This study found that an increase of only one microgram per cubic meter of PM2.5 (the measure for air pollution) was associated with a 15% rise in the coronavirus death rate. This puts residents from cities like the ones in California and New York at a much higher risk than original anticipated.

People are dying from air pollution in the form of coronavirus. We need to care. We need more environmental regulation, not less, to save lives.

https://www.latimes.com/california/story/2020-04-08/air-pollution-linked-to-higher-coronavirus-death-rates

https://www.bbc.com/future/article/20190816-is-city-life-really-bad-for-you

What it Means to be Essential?

According to the state of CT, I am an essential employee.

No, I am not an 18 year old doctor… or a nurse, for that matter. I didn’t miraculously begin serving on the police force or for the fire department. And, no, I am not an active member of the US military.

I work at Target, in the style department. This means about 4 times a week I leave my house, risking my life, my family’s safety, and everyone I come in contact’s health, to stock the shelves with shoes. However, if I don’t do it, someone has to, since it is considered “essential” during this time.

Ned Lemont, Connecticut’s governor, released a list nearly a mile long of things deemed essential enough to have in person operations after March 23. If you are curious, give it a read. If not, give your keyboard a good scroll.

I’ll summarize this in 5 words… IT IS TOO MANY PEOPLE. How is landscaping essential? How come a financial advisor can’t work from home? Why did we decide that package stores could stay open? And what in the world are golf courses doing on that list?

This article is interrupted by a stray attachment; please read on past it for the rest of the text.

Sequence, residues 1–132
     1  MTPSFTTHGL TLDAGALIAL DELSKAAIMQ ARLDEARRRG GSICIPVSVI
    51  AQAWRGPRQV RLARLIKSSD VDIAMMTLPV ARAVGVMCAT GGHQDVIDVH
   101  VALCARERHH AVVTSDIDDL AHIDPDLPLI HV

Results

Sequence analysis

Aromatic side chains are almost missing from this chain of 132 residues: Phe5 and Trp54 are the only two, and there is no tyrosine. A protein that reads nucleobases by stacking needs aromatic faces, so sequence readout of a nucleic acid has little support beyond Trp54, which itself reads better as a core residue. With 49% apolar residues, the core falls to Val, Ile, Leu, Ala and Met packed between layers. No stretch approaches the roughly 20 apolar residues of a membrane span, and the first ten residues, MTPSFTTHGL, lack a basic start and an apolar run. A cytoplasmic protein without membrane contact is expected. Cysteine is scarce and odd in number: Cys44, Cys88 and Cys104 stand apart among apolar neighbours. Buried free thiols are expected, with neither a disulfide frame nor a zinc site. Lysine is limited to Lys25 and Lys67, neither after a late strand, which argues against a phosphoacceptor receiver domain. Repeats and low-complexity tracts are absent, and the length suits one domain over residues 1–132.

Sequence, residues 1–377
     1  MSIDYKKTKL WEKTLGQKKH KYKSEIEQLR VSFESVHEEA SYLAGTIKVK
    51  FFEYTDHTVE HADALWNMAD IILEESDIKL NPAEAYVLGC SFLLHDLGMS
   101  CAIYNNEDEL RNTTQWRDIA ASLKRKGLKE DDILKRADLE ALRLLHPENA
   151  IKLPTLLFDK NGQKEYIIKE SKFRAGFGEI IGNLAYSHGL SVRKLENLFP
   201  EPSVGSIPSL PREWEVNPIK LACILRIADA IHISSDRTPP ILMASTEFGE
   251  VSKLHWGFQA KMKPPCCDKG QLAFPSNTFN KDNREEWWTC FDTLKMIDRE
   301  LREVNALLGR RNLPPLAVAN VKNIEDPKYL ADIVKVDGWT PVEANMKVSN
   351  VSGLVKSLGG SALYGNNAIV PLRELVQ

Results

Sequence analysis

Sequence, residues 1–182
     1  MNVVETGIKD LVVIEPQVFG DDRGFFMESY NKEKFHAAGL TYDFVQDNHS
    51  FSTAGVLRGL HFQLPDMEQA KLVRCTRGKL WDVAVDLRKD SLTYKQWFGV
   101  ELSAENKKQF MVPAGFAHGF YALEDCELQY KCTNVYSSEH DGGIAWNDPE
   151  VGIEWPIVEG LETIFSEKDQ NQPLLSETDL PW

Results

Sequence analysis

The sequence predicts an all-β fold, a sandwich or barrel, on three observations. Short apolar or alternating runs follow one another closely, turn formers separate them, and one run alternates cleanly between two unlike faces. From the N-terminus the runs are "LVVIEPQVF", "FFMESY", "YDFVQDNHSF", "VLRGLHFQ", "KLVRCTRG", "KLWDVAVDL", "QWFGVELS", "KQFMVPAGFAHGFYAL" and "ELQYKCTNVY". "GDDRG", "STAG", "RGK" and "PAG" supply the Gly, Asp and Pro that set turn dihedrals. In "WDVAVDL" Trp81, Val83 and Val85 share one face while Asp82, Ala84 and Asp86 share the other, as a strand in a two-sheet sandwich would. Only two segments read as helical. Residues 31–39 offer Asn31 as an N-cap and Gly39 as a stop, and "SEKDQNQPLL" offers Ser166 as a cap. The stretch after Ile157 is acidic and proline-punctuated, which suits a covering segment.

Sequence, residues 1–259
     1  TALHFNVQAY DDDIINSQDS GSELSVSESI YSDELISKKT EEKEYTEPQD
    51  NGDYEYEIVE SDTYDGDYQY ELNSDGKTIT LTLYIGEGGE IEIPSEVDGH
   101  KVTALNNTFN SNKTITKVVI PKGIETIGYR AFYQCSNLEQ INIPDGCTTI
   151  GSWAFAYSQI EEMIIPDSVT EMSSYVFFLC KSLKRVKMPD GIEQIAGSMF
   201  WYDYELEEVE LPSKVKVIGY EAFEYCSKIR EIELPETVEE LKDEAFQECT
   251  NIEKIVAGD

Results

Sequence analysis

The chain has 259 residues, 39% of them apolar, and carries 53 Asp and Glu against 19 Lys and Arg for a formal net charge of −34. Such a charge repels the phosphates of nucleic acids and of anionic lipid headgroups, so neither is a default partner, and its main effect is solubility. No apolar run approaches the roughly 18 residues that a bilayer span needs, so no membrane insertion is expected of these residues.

I get it. I shouldn’t complain. CT is one of the lucky states. Trust me, the stay at home order could be worse. I could live in Florida where Gov DeSantis waited until Wednesday of last week to issue an order, that happens to consider WWE live shows as essential. Or better yet I could live in one of the 7 states that doesn’t even have an order, as of today. This is because their Republican leaders have decided that “a lockdown is not the answer”.

Whatever state you look at, the policy is not matching the science. In order to flatten the curve we need as many people staying home as possible. Isolation is the only way to stop the spread of this virus right now. It is the only way to make sure our hospitals don’t get over crowded and as many citizens as possible stay alive. 

If staying home is the answer why is the essential employees list so long? And why do some states not even have one? Maybe it’s time the federal government steps in or at least the states need to start reevaluating what it means to be essential? They can get back to me on whether the shoe department at Target is worth someone’s life.